What is WASHOKU?


What is WASHOKU?

WASHOKU is not simply a term to describe a food.
It is a broad concept that includes Japanese culture.
To understand WASHOKU, one must understand Japanese culture.

An example would be Kaiseki cuisine, which includes the concept of Zen.
In Zen, meat eating is forbidden.
Therefore, many foods that imitate meat are used.
The food called ganmodoki was conceived as a protein supplement for monks who were forbidden to eat meat.
Tofu and miso are also used in kaiseki cuisine.
Tofu and miso have become popular around the world as low-calorie, high-protein foods.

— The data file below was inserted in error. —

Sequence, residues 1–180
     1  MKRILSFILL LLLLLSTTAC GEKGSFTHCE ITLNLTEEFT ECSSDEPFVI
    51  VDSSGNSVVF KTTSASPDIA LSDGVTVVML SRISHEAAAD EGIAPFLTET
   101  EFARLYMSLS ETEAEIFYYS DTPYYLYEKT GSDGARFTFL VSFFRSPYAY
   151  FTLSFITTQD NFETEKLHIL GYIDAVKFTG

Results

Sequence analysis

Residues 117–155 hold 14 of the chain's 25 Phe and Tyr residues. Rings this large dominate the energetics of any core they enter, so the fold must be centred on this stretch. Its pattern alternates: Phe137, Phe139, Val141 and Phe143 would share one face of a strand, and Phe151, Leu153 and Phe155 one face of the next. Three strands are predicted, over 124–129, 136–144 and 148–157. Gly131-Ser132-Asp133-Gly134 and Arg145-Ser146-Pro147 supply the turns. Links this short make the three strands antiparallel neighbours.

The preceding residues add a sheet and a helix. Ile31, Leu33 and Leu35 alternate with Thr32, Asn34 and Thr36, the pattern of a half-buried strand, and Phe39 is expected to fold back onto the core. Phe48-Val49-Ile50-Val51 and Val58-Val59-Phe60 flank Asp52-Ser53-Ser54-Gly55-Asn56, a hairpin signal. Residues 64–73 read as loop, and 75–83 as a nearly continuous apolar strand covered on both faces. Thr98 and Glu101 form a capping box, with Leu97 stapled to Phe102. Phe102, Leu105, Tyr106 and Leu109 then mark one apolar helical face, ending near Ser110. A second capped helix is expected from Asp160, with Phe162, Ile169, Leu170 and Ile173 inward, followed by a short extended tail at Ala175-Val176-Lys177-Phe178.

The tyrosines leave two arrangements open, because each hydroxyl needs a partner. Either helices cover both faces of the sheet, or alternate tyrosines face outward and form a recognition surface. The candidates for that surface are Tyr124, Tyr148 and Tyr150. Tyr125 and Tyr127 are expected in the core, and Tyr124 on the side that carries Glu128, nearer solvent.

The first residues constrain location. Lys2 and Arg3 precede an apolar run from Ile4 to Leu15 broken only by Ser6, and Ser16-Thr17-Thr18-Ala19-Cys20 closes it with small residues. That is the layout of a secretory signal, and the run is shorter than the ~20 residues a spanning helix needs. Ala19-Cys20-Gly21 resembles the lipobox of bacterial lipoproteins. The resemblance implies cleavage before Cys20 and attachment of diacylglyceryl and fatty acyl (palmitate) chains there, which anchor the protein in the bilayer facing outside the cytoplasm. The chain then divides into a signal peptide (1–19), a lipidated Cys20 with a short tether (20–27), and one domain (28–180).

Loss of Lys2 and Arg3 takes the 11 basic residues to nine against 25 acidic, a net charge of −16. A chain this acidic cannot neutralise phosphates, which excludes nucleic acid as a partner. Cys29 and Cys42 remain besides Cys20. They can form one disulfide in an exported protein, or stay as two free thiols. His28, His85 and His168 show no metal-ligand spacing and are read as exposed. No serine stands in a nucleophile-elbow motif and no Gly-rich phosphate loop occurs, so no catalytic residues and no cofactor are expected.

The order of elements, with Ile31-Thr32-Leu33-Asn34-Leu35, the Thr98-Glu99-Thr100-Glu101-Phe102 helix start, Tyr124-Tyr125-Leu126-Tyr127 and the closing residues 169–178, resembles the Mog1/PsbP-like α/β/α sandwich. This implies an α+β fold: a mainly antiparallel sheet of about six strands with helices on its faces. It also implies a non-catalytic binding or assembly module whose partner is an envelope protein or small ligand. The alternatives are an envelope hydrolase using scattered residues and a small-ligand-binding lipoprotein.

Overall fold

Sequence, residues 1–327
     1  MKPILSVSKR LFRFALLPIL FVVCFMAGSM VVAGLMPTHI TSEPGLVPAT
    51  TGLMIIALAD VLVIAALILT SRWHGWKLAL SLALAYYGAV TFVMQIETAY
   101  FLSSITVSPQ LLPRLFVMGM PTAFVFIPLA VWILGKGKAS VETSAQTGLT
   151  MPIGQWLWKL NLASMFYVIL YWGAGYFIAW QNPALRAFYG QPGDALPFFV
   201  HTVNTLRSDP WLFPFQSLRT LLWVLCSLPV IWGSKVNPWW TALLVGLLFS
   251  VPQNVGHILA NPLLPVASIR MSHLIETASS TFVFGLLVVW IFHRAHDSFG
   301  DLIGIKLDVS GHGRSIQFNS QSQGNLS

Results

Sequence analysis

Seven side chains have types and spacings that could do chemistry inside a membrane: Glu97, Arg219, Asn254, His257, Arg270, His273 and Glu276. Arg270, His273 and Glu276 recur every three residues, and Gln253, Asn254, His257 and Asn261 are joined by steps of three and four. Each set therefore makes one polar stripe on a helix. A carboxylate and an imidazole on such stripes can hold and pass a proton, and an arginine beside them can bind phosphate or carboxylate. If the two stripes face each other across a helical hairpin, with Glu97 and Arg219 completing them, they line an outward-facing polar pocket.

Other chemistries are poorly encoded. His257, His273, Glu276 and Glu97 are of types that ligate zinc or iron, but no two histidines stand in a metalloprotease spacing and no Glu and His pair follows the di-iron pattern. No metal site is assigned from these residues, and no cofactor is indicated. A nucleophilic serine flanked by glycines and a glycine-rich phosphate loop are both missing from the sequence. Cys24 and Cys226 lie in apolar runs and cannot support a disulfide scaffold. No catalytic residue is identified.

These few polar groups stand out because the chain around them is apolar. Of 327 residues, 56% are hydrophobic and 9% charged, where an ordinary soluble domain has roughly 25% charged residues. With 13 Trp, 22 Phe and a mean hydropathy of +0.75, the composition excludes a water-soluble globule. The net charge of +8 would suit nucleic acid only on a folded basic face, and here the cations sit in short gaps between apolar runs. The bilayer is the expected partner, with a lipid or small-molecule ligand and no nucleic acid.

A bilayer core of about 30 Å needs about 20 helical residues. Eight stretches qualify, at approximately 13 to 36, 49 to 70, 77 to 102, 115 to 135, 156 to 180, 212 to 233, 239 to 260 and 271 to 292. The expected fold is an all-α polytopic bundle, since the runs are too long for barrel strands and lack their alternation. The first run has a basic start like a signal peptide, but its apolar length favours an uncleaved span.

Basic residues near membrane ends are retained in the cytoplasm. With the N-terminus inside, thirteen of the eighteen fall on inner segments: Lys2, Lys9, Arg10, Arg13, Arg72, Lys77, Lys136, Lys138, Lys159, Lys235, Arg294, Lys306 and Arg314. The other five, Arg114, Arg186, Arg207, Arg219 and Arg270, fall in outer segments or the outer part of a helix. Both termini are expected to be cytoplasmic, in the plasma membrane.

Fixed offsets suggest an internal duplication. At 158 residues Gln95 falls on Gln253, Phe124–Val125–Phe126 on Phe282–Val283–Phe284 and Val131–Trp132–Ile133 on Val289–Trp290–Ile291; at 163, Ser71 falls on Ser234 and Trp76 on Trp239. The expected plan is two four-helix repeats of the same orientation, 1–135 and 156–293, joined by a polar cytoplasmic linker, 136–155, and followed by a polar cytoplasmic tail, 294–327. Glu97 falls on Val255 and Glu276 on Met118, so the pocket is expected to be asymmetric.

Many Japanese are not always aware of the culture behind WASHOKU. By eating WASHOKU, Japanese people are subconsciously in touch with Japanese culture.

For example, Japanese people say “Itadakimasu,” a word of gratitude to nature, before each meal. Itadakimasu” is an expression of gratitude to the animals that provide food for us and to the farmers who grow our grains. These words reflect the Buddhist and Shinto beliefs that value gratitude to others.